Loss. I hate it.

I know it ‘s a part of life, it’s inevitable, blah blah blah. But understanding that doesn’t make me hate it any less.

Natural order of things. Ebb and flow. Roll with it. It won’t always feel like this.

These are the slightly cliched, bumper-sticker truisms I’ve been telling myself lately, willing myself to believe them.  I’m not having a crisis of faith- I know who I am and what I believe. And the fact that Crescent and my recently diagnosed friend with cancer follow a different spiritual path than I do does not give me pause for a second as I lift them up to the God of my understanding and ask for his mercy, grace and comfort to surround and overwhelm them. It’s all I know to do, because the fact that life and loss are intrinsically linked really sucks and leaning into something and Someone bigger than I am is my only safe harbor–even when it doesn’t feel all that safe here in this dang harbor right about now.

But regardless of how smarmy this sounds, I want to say (write) out loud that I am deliberately and daily making a conscious choice to focus on the good things in my life– to find gratitude, to seek peace, to reach out and grab that “thing with feathers that perches in the soul” by its scrawny little neck and not let go. I truly understand that you can’t “happy thought” your way out of a treacherous mental illness like depression, but I’m not really talking about depression right now.

I’m talking about learning how to navigate through the sadness that is all around us, all the time, as long as we are living here on earth, without getting lost in it. I’m talking about learning to accept the fact that the price tag for loving someone is the risk of losing them. But even though the human condition does indeed contain all of the above mentioned opportunities for despair, the God’s truth is that it also contains unimaginable beauty and unspeakable joy. So I’m choosing to lean in, not pull away. I’m putting myself out there, knowing that sooner or later, beyond a shadow of a doubt, there will be more loss coming my way and there’s not a damn thing I can do about it.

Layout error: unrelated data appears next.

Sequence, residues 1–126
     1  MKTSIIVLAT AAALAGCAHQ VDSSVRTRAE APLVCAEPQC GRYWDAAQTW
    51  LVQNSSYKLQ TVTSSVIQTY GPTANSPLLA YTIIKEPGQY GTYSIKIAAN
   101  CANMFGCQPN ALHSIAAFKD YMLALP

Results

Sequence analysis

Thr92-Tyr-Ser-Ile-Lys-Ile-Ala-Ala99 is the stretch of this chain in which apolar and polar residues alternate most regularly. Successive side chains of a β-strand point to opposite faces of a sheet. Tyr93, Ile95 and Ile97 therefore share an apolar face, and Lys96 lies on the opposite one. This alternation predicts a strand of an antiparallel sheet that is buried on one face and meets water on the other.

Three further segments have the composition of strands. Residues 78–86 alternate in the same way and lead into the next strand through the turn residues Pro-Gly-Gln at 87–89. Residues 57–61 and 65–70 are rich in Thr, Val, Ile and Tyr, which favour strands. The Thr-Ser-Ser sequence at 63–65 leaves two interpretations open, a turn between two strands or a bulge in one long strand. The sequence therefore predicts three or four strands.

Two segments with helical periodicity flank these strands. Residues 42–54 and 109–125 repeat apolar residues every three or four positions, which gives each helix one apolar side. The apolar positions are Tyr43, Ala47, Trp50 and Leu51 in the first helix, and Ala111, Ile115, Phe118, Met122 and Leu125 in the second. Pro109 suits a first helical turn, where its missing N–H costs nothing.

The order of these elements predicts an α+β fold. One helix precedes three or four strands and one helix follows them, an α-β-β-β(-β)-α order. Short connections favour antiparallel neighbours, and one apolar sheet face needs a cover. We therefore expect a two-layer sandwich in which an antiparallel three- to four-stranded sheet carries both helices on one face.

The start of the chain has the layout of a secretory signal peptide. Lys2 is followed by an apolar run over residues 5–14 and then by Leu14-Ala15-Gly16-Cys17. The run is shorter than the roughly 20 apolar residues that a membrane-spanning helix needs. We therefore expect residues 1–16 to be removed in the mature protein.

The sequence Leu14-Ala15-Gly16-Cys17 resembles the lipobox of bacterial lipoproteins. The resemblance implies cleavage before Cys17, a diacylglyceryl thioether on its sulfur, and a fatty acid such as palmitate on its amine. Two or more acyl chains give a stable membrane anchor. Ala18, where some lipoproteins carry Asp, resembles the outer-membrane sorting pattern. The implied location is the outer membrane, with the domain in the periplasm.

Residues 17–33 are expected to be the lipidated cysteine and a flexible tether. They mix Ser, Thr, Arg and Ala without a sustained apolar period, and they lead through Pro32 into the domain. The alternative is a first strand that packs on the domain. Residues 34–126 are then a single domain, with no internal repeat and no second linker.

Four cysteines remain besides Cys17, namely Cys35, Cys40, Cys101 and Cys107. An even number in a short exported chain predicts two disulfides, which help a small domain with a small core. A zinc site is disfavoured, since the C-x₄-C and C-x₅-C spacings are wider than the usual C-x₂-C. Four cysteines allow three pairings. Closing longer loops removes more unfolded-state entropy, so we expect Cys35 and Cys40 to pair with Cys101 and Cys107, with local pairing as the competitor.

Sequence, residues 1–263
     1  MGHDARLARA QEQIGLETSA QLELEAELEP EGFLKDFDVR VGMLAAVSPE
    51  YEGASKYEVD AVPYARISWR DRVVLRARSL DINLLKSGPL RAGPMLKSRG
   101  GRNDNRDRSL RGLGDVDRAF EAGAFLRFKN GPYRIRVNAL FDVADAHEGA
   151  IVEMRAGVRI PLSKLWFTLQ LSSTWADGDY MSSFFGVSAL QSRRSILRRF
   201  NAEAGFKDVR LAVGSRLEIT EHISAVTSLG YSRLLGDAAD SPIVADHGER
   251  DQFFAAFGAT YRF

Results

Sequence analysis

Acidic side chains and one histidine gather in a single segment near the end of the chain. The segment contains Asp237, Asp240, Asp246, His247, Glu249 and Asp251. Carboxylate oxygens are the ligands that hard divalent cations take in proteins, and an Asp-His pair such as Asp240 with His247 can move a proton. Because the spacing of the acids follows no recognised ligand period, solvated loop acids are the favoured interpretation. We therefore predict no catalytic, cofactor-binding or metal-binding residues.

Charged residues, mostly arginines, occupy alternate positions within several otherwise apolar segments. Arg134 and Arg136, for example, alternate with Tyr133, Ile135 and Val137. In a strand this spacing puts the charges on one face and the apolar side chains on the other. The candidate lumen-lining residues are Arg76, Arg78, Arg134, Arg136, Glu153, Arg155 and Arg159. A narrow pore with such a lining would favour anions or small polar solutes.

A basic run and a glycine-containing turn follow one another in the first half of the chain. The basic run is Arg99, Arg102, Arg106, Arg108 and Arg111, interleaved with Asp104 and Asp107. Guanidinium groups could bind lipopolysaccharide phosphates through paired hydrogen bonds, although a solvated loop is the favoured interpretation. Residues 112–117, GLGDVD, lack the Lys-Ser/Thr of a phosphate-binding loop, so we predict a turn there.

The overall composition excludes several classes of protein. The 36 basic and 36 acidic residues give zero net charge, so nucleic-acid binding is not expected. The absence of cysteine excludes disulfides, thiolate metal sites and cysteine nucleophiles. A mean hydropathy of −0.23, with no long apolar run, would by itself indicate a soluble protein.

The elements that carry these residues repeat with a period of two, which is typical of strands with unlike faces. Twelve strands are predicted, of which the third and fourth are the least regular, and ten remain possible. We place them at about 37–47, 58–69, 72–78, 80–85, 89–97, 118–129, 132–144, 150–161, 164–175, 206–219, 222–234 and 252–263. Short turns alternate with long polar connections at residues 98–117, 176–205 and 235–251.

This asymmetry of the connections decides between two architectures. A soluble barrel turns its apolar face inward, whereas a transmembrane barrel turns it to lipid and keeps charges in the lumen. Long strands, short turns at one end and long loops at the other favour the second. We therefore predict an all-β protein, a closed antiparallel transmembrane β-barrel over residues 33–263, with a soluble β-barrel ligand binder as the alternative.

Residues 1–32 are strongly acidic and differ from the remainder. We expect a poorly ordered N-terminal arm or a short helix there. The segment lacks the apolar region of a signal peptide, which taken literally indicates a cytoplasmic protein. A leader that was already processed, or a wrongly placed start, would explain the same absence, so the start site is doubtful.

Because what’s the alternative? There’s not a place, or a person, or a religion that can guarantee us a pain-free life– I know, because I’ve looked. And for me, shutting down and refusing to care or engage so that I can protect myself from getting hurt isn’t really an option. Or a life.

Because love, in all of its glorious, heartbreaking incarnations– is so absolutely worth it.


Let Evening Come

By Jane Kenyon


Let the light of late afternoon

shine through chinks in the barn, moving

up the bales as the sun moves down.


Let the cricket take up chafing

as a woman takes up her needles

and her yarn. Let evening come.


Let dew collect on the hoe abandoned

in long grass. Let the stars appear

and the moon disclose her silver horn.


Let the fox go back to its sandy den.

Let the wind die down. Let the shed

go black inside. Let evening come.


To the bottle in the ditch, to the scoop

in the oats, to air in the lung

let evening come.


Let it come, as it will, and don’t

be afraid. God does not leave us

comfortless, so let evening come